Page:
A number of homebuilders participate in the Nehemiah Program. This program, started in 1998, allows homebuilders to provide a "downpayment gift" to the nonprofit Nehemiah Corporation. The corporation then gives up to a 6 percent downpayment to a qualifying homebuyer, allowing the homebuyer to purchase the home with little or no money down. The program has no income limits as long as applicants obtain a qualified mortgage - typically an FHA mortgage. Since the program began, Nehemiah has provided more than 142,000 downpayment gifts.
The benefit of all these financing programs is that they enable more people to afford a home. They also allow current homeowners to move up to larger, more expensive homes. On the down side, these programs sometimes allow homebuyers to purchase homes they cannot afford over the long term.
Texas home foreclosure rates have been rising according to the Mortgage Bankers Association (see chart). In 2002, the home foreclosure rate for FHA mortgages was 1.6 percent, up from 1 percent in 2001. VA mortgage foreclosure rates went from 0.96 percent in 2001 to 1.26 percent in 2002. The association reported a 4.5 percent delinquency rate nationwide for mortgage loans for one- to four-unit residential properties at the end of 2002.
Conventional mortgage foreclosures are also up - 0.69 in 2002 compared with 0.57 in 2001. This is the highest foreclosure rate for conventional mortgages since 1994. It should be noted that while foreclosure rates have risen in the past year, they are still lower than after the 1991 recession.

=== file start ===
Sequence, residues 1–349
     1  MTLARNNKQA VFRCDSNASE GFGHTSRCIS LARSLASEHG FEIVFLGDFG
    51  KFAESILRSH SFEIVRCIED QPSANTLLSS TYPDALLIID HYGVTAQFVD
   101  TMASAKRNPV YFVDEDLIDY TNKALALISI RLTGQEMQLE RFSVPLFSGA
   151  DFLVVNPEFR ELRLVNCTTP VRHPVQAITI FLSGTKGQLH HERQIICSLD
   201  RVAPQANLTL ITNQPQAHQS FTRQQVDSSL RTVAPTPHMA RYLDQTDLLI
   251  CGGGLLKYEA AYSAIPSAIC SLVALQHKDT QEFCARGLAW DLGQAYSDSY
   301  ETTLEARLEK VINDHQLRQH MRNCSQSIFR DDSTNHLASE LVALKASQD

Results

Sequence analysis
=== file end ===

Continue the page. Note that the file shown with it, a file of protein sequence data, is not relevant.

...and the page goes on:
In first quarter 2003, more than 6,700 homes in the Dallas-Fort Worth Metropolitan area were foreclosed on, up 35 percent from the same quarter in 2002. Denton County experienced an 88 percent increase in foreclosure rates, while Collin County was up 63 percent, according to the Foreclosure Listing Service.
While the loss of a job, illness or change in family status are the most common causes of delinquency and foreclosure, the type of financing and amount of equity in the home also affects a family's ability to avoid foreclosure. ARMs and buydowns tempt buyers with low initial rates, but interest rate adjustments or larger payments at the end of the buydown period can prove financially devastating.
Additionally, homeowners who purchased homes with little or nothing down and subsequently encountered financial problems find that they have little equity in the house. When they try to sell, they may find that the home has not increased in value as quickly as expected. This makes it more difficult to sell the home they can no longer afford. To make matters worse, buyers often prefer to take advantage of homebuilder incentives and purchase a new home rather than a home that is a few years old.
The Department of Housing and Urban Development (HUD) has a program to help homeowners who fall behind on their mortgage payments (see www.hud.gov/foreclosure/index.cfm). HUD pays the lender the delinquent amount. In return, the homeowner signs a note promising to repay HUD without interest. During 2002, more than 72,000 families participated in this program, up threefold from 1999.
The Mortgage Bankers Association forecasts that interest rates will increase in the second half of 2003, with 30-year conventional mortgage interest rates expected to rise to 6.3 percent. If this happens, many homeowners with adjustable rate mortgages may face suddenly unaffordable house payments.
While aggressive financing programs allow more people to purchase a home, they carry an increased foreclosure risk. Homebuyers need to understand these risks when selecting home financing. Real estate professionals can help their clients by informing them about financing options available.
Dr. Cowley (email@example.com) is an assistant professor with the Austin E. Knowlton School of Architecture at Ohio State University.